Peru’s Ombudswoman recently reported that four corpses had been recovered in the region. All, inculding a pregnant woman, were shot dead and identified as members of a local peasant community. The armed forces claim that they were armed terrorists.

And, though APRA party spokespersons have insisted that the draft law is Núñez’s personal initiative, it has been supported by more than 20 members of Congress — from a variety of parties — who are in favor of preferential treatment for military and police facing prosecution for crimes committed during the 1980-2000 counterinsurgency war.

Peru’s Truth and Reconciliation Commission estimated that more than 69,000 Peruvians were killed during the nation’s 1980−2000 armed conflict, in which thousands of poor campesinos were caught in the crossfire between a bloody Maoist Shining Path insurgency and brutal government backlash.

Human rights violations were widespread and systematic.

Nonetheless, in 1995, the Peruvian Congress passed Law N°26479, Article 1 of which granted a general amnesty to all those members of the security forces and civilians who were the subject of a complaint, investigation, indictment, trial or conviction, or who were serving prison sentences, for human rights violations committed between May 1980 and June 15, 1995.

On June 15 1995, the day the law came into effect, Judge Antonia Saquicuray, in charge of investigating the 1991 Barrios Altos massacre, argued that the amnesty law was inapplicable to the case. However, on June 28, 1995, before her ruling reached the High Court for ratification or veto, Congress passed a second amnesty law — Law N°26492 — which reinforced and extended the scope of the first.

The law, argued to be necessary for “national reconciliation,” led to the release of those convicted for the La Cantuta and Barrios Altos massacres.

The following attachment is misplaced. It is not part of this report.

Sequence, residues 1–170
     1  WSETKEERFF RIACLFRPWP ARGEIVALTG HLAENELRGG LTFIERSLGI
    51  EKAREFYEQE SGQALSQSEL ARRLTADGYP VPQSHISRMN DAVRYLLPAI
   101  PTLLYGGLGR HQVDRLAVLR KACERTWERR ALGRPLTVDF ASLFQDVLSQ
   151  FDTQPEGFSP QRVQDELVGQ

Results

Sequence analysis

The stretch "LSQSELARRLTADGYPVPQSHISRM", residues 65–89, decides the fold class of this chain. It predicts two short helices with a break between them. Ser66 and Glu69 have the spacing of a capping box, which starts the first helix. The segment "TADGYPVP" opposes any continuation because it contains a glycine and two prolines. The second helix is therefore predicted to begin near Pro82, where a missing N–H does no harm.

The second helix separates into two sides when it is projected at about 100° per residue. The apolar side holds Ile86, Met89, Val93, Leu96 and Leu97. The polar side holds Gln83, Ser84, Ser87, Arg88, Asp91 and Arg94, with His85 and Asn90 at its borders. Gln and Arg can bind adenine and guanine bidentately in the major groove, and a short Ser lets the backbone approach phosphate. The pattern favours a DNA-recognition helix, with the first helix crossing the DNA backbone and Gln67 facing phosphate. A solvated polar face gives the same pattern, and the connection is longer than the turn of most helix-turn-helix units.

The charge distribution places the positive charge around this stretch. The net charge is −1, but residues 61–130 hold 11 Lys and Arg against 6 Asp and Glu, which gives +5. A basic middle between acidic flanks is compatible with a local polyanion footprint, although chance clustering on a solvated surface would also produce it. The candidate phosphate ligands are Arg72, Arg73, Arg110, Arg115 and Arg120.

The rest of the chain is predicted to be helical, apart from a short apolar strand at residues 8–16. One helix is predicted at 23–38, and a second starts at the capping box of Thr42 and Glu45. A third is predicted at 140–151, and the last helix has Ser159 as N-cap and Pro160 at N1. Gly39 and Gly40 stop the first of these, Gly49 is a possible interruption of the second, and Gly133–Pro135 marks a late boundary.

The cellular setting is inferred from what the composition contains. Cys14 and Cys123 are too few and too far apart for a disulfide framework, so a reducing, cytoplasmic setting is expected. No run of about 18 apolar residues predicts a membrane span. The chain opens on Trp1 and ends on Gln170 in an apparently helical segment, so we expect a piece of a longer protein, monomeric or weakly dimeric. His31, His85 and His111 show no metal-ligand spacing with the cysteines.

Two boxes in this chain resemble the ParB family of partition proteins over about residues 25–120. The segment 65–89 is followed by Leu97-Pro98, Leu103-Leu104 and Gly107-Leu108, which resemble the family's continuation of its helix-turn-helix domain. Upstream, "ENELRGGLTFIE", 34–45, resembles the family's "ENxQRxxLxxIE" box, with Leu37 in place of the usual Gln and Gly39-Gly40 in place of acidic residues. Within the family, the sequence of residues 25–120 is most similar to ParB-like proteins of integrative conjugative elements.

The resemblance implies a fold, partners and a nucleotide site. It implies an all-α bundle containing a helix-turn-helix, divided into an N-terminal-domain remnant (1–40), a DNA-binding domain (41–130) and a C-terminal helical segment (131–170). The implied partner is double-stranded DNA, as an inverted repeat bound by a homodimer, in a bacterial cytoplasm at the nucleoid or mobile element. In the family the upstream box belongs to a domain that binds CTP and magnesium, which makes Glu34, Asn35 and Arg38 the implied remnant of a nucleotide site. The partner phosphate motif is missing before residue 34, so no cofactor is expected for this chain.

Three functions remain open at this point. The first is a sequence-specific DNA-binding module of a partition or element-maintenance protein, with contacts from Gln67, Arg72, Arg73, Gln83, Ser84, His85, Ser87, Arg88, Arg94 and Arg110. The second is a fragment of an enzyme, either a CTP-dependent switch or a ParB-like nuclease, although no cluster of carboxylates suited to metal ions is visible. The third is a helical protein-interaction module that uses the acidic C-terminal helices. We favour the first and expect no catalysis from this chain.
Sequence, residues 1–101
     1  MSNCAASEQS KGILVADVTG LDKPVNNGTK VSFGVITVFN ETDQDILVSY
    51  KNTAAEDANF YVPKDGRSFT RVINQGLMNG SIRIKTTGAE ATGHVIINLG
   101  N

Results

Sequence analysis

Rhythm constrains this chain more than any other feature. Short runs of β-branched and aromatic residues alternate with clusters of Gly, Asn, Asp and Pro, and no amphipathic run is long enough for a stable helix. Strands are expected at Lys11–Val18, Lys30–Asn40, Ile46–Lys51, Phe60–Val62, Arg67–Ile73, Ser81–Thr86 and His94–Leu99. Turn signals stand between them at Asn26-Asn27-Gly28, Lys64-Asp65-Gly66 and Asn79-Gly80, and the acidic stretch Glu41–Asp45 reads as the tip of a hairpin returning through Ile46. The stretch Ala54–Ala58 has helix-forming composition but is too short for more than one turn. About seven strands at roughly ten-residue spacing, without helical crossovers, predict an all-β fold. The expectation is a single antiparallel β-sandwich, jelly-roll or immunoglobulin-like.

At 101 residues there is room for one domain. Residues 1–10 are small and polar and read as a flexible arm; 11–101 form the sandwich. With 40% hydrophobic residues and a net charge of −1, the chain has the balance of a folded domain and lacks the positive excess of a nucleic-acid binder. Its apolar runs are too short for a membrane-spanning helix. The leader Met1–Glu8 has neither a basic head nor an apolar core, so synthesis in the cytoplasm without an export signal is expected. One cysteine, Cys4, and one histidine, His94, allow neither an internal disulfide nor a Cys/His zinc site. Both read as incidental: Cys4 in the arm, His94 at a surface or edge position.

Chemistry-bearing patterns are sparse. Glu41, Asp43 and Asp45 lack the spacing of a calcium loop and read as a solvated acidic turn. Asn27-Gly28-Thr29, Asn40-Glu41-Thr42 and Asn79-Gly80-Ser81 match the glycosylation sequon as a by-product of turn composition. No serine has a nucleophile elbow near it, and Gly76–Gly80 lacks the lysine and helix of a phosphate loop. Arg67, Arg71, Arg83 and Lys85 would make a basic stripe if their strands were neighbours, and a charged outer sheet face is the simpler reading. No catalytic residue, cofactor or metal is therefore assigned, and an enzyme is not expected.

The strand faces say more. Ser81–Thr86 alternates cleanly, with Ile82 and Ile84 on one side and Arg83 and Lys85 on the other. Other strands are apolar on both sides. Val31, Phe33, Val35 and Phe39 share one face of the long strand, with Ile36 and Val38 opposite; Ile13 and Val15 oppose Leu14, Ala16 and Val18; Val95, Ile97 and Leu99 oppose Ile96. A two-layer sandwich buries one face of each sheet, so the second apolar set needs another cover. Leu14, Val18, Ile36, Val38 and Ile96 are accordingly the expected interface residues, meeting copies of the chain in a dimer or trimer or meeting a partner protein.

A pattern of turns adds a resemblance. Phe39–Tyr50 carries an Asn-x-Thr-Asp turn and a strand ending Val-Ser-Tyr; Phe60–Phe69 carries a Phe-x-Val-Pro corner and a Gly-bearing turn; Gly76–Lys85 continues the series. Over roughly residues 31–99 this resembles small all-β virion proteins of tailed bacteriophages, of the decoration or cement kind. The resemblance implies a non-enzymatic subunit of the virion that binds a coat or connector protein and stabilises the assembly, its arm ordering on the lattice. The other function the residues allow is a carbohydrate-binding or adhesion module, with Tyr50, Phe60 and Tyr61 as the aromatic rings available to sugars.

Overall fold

The Colina group death squad machine gunned 15 people, including an 8-year-old boy, in a the courtyard of a tenement building in Lima’s Barrios Altos district in 1991 and kidnapped and murdered nine students and one professor at La Cantuta University in 1992.

But in September 2001, the Human Rights Court, at the request of the Inter-American Commission on Human Rights, made an interpretative sentence in which it announced that Fujimori’s Amnesty Laws were without any legal force.

Peru’s Constitutional Tribunal is currently reviewing a judicial decision to close the trial of those responsible for the murder of more than 100 suspected terrorists in Lima’s El Frontón prison in 1986.

If the Court rules that the case be reopened, charges could be brought against García, who ordered the intervention, and his Vice President and former Vice Admiral Luis Giampietri, who took part in the military operation to put down the prison riot.

Already facing trial are former Interior Minister and García’s former personal secretary Agustín Mantilla, as well as other prominent APRA members, for forming part of a right-wing paramilitary death squad known as the Comando Rodrigo Franco.

Active during García’s first term, Comando Rodrigo Franco is blamed by Peru’s Attorney General for the murder of union leader Saúl Cantoral, two MRTA members and Manuel Febres, the defense lawyer of Shining path leader Osmán Morote.

García, Giampetri, Defense Minister Antero Flores Araoz and Army Chief of Staff General Edwin Donayre have repeatedly complained of alleged “abuses” and “persecution” against military and police who carried out counterinsurgency operations.

“This only confirms impunity,” said Director of Aprodeh, Francisco Soberón. “If military (and police) are sentenced, there’s a reason. We reject the amnesty (draft law), it would be illegitimate.”

Of the 360 security forces personnel being prosecuted, only 53 are facing arrest warrants or are under arrest. And of the 53 facing arrest, only 14 are in jail as the rest are fugitives from justice.